While trend level anxiety group differences were found for erroneous antisaccades in response to threat, anxiety was not found to influence correct antisaccades from threat. This was somewhat unexpected given previous findings associating anxiety with slower latencies for correct antisaccade in response to threat [25], [26]. However, it is to be noted that other previous research similarly failed to replicate a threat specific bias in antisaccade performance for anxious individuals [28]. While it has been posited that anxiety may be marked by an impairment in the inhibition of threat distracters [43], research further suggests that anxious individuals may recruit greater cognitive resources in order to compensate for this impairment [46], [47]. It is plausible that an increase in compensatory effort in anxious individuals may have ameliorated any anxiety group differences in antisaccade latency in response to threat. Moreover, such increased compensatory effort may have been evidenced by the reduced peak velocity to threat observed in anxious individuals.

The findings of the present study suggest that threat may have influenced erroneous but not correct antisaccades. Given this moderating influence of the correctness of the antisaccade execution, it is possible that task difficulty may account for these findings. Working memory capacity, as assessed by the operation-span task (OSPAN), has previously been shown to influence antisaccade performance [48]. Similarly, a recent study by Berggren et al. [49] investigated the effect of cognitive load and anxiety on antisaccade performance. Increased cognitive load was associated with longer antisaccade latencies, and this was particularly marked for high anxious individuals. Stimulus valence was not found to influence this anxiety-linked effect. However, peak velocity was not examined.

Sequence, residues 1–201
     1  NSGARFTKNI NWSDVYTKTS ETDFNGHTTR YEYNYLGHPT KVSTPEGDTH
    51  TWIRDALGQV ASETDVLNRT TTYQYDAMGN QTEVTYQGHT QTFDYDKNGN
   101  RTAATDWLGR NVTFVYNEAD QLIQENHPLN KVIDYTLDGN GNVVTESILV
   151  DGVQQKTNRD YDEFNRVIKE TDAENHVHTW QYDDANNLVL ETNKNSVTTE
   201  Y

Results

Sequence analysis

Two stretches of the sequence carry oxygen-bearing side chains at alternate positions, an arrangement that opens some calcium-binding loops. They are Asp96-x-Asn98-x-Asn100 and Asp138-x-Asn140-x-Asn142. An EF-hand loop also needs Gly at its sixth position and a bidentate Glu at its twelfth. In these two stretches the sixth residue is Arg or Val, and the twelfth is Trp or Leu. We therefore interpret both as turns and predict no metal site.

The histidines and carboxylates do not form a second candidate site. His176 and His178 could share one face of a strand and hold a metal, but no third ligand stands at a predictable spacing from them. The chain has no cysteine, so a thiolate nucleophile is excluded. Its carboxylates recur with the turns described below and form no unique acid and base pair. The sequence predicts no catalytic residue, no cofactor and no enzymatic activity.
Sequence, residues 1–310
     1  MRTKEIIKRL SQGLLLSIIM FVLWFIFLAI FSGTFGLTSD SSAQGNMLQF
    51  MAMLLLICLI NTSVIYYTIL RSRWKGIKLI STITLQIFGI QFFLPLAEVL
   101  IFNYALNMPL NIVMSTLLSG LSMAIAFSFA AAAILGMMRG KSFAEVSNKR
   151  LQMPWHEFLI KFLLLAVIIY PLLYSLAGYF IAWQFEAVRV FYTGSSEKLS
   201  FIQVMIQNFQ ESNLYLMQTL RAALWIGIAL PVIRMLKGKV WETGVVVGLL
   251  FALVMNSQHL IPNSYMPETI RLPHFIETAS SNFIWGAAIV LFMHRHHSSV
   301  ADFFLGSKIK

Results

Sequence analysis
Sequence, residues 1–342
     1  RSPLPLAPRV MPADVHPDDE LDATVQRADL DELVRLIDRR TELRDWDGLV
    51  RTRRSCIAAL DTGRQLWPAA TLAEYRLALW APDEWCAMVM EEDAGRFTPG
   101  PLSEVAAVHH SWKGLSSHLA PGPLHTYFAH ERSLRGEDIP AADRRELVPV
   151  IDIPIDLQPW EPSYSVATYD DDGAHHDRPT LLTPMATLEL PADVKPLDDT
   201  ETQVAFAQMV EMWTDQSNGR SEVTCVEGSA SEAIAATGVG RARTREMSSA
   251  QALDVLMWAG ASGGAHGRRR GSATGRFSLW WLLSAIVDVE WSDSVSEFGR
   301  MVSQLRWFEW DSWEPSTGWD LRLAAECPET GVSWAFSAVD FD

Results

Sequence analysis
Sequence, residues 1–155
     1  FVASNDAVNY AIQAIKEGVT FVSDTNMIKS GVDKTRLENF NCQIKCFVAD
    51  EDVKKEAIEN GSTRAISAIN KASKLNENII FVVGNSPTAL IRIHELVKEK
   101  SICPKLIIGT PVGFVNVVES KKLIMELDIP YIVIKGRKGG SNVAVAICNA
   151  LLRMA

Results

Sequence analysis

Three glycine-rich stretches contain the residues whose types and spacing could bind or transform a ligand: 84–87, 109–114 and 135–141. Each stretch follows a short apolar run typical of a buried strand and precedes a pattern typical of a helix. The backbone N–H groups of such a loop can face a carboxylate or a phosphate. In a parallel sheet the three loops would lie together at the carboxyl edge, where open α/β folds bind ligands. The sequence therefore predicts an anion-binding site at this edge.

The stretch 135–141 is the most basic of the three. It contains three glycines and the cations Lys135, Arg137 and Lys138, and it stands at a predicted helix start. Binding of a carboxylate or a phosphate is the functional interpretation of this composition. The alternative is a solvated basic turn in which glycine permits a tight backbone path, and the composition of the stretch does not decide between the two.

Future research may benefit from examining the task designs optimal for elucidating the biases associated with anxiety, while including the assessment of erroneous antisaccade peak velocity. For instance, increasing the task difficulty, by including a secondary task [49], by incorporating a greater number of stimulus locations, or a brief, yet variable, gap between the offset of the fixation cross and the target onset, may result in greater discrimination of antisaccade performance. Moreover, a limitation of the present study was that not all participants made erroneous antisaccades, which restricted the analysis of erroneous antisaccade peak velocity, and the strength of conclusions which may be drawn. A comparatively difficult antisaccade task would result in more instances of erroneous antisaccades, which in turn, would enable a more powerful analysis.

The present study sought to examine the mechanisms of attentional bias to emotional stimuli in anxiety. Low anxious individuals were found to be slower to saccade in response to positive stimuli, irrespective of whether a pro- or antisaccade was required. However, such a positivity bias was absent for high anxious individuals. Anxiety may have additionally been associated with the reduced peak velocity of erroneous antisaccades in response to threat, suggesting that anxious individuals may have exerted greater compensatory efforts in the inhibition of threat. The findings highlight that alternate saccadic measures, such as peak velocity, may provide useful insights into the biased attentional processes which characterize anxiety.